Research into converging ecologies by researchers from IT University Copenhagen

The video-based work 02.205 is done by Christian Brems in collaboration with Laura Beloff and with scientific advice by Frank Veenstra. The work has been produced under the umbrella of Hybrid Matters and exhibited in the Hybrid Matters exhibition at Kunsthall Nikolaj in Copenhagen.

02.205 is an artistic-scientific videowork that investigates, speculates and broadly communicates recent findings in the field of bio-acoustics; “the branch of science concerned with sounds produced by or affecting living organisms, especially as relating to communication. (reference 1)

Here is a short extract of the 7-minute video:

The conversation between the tree and computer is facilitated through novel research in bio-acoustics:

Computer talking to plant: Recent research has shown that plants are able to receptively detect and react to the purely acoustic sounds of running water by moving its roots towards it. (reference 2, reference 3, reference 4, reference 5) For 02.205, a hydro-phonic 'alphabet' (speech of the computer) has been created by putting together samples of running water sounds that the plant can then receptively listen to.

Plant Talking to computer: Further research has found that plant roots emit irregular high frequency clicking sounds, UAE’s (Ultrasonic acoustic emissions), in the humanly inaudible sonic range between 20-300 kHz. (reference 6, reference 7). The clicking sounds in the videowork (speech of the tree) are actual ultrasonic recordings we made on the roots of the tree. These clicks have then been down-sampled into the human range of hearing below 20 kHz.

Although the latter research on plants acoustic emissions is highly contested and yet has to be scientifically validated or falsified as a communicative tool, (reference 5) this new research in bio-acoustics open up a novel potential for understanding the acoustic receptions and emissions in plants - and through this consider the possibility of sonic forms of 'communication' in plants.

Scientific investigations and artistic speculations: The videowork simultaneously positions itself as a piece of scientific research in bio-acoustics, and as an artistic project speculating further on these findings. In the creation of the work we recorded the tree in a studio where a sound mixer measuring up to 100 kHz was connected to piezo-electric sensors that was attached to the roots of the cloned Abies Nordmanniana tree shown in the video and in the exhibition.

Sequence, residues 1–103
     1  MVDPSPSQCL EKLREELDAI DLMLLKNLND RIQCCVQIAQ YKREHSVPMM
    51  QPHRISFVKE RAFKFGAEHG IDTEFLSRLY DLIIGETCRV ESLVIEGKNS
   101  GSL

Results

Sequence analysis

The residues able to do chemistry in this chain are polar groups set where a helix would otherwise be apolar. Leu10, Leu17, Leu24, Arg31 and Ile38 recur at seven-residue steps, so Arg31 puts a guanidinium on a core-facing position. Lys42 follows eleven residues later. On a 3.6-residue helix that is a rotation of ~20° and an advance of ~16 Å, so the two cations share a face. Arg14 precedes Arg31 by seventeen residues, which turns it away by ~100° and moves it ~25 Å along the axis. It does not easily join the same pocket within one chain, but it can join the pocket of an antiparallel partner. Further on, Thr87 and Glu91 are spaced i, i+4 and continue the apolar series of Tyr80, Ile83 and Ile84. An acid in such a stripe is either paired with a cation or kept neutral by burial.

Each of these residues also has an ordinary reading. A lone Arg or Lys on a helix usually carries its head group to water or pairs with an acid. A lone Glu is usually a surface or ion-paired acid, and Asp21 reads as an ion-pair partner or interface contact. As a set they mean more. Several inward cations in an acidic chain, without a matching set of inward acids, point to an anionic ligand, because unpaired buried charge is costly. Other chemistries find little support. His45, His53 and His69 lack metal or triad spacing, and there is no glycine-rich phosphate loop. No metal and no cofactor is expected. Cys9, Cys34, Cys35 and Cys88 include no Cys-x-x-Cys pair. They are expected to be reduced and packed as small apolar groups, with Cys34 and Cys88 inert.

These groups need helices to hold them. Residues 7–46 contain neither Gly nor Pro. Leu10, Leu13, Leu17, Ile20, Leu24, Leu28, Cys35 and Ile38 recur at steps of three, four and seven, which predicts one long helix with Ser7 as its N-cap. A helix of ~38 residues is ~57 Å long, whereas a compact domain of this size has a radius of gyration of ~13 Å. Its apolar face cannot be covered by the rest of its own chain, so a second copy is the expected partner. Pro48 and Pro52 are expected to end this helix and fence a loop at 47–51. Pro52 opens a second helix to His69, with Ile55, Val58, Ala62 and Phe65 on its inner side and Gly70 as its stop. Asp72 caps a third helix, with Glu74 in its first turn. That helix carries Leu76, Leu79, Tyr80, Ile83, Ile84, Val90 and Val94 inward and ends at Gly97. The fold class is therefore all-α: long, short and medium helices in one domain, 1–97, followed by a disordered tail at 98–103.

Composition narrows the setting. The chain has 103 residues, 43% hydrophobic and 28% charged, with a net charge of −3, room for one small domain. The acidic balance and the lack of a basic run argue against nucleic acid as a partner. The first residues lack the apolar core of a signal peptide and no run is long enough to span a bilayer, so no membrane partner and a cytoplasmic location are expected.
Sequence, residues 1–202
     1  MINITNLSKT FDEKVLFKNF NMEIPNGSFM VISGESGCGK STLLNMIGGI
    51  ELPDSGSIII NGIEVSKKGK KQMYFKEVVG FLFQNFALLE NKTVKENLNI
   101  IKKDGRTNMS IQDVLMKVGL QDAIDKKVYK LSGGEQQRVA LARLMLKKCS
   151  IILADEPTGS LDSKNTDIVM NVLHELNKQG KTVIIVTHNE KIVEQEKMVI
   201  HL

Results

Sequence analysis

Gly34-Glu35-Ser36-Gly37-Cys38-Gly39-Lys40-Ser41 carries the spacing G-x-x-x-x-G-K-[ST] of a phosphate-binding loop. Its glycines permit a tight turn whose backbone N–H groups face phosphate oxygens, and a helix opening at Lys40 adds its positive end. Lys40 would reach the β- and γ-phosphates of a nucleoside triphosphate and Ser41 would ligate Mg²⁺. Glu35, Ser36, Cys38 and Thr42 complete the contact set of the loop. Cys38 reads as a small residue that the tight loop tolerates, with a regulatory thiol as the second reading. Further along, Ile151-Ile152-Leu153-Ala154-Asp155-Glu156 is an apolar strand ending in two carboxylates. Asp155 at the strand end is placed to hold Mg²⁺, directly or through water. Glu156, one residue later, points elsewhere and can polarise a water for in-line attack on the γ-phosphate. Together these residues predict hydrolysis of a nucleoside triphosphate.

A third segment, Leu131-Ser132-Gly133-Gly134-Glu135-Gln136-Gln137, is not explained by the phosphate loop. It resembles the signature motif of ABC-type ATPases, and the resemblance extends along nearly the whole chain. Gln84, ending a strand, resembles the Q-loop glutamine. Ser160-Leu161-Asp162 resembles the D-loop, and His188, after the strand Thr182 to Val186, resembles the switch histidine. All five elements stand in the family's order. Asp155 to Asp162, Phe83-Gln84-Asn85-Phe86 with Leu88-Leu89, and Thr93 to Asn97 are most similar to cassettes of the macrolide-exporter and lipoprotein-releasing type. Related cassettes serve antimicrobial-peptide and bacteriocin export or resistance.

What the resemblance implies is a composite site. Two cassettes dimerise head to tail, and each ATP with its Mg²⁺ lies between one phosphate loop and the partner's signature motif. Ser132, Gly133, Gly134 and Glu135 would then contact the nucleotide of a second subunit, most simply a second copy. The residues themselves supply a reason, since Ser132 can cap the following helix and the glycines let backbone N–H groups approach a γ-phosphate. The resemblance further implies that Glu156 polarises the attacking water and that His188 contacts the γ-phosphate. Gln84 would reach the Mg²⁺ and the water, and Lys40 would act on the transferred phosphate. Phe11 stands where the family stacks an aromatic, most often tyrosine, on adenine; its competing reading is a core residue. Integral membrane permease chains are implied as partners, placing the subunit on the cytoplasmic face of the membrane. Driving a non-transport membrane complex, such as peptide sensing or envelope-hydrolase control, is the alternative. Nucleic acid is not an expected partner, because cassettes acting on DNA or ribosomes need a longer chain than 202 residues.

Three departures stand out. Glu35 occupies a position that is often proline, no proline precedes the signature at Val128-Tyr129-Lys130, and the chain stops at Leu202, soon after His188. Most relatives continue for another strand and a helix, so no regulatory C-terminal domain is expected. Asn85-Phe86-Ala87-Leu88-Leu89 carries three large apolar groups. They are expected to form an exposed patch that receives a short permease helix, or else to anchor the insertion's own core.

From these recordings we found ultrasonic clicks in the area between 60-75 kHz that could not be measured anywhere else on the tree. We further made sure that these clicks were not generated within the recording equipment. In our research of bio-acoustic articles we have yet to find any equally specific descriptions of the technical recording process. The clicks heard in the video are these ultrasonic recordings that have been down sampled 4 times into the human range of hearing below 20 kHz. Other than the down-sampling the recordings are left completely unmodified.

The speculative side of the project lies in the ‘what if' scenario that materialize as a conversation between G.A.R.I (General Artificial Resonance Intelligence) that is communicating with the tree through the purely acoustic sounds of water. And the Abies Nordmanniana tree, that is responding with the ultrasonic clicks. The computers voice, based on the research described above becomes a speculation grounded in existing facts.

Fiction as a tool for opening up research: The conversation and written subtitles are, of course, completely fictional. But the scenario itself, of a ‘listening and talking’ plant', is grounded in the research. The intention herein - intertwining factual research and fictional speculations - has been to position the viewer in a state that blurs the distinction between the two. Inspired by the methods in critical design, the videowork attempts to create a space of associations for the viewer, making the visions from the artistic research appear as scenarios of a potential, albeit speculative future.

Video displayed at Nikolaj Kunsthall with the actual recorded tree beside it.

Research questions in the age of the anthropocene: In the videowork a tacit question to the researcher (as well as to the public) is: are we able to grasp the idea of ‘communication’ without colonizing the idea through an anthropocentric conceptual framework of our own human communication? Are we able to avoid Disney-fying other living organisms such as plants with human feelings such as hope and fear? The video raises the question by following the trajectory of ‘human communication’ but inserting different ‘glitches’ and gaps in the conversation, that reveal the inability for the two to communicate on absolute human terms.

In a research-based sense this asks the question of how researchers are able to handle the concept of communication as something deatached from our own. What is required to understand the logic of communication in artificial intelligance and plants on their own terms?

Research into converging ecologies by researchers from IT University Copenhagen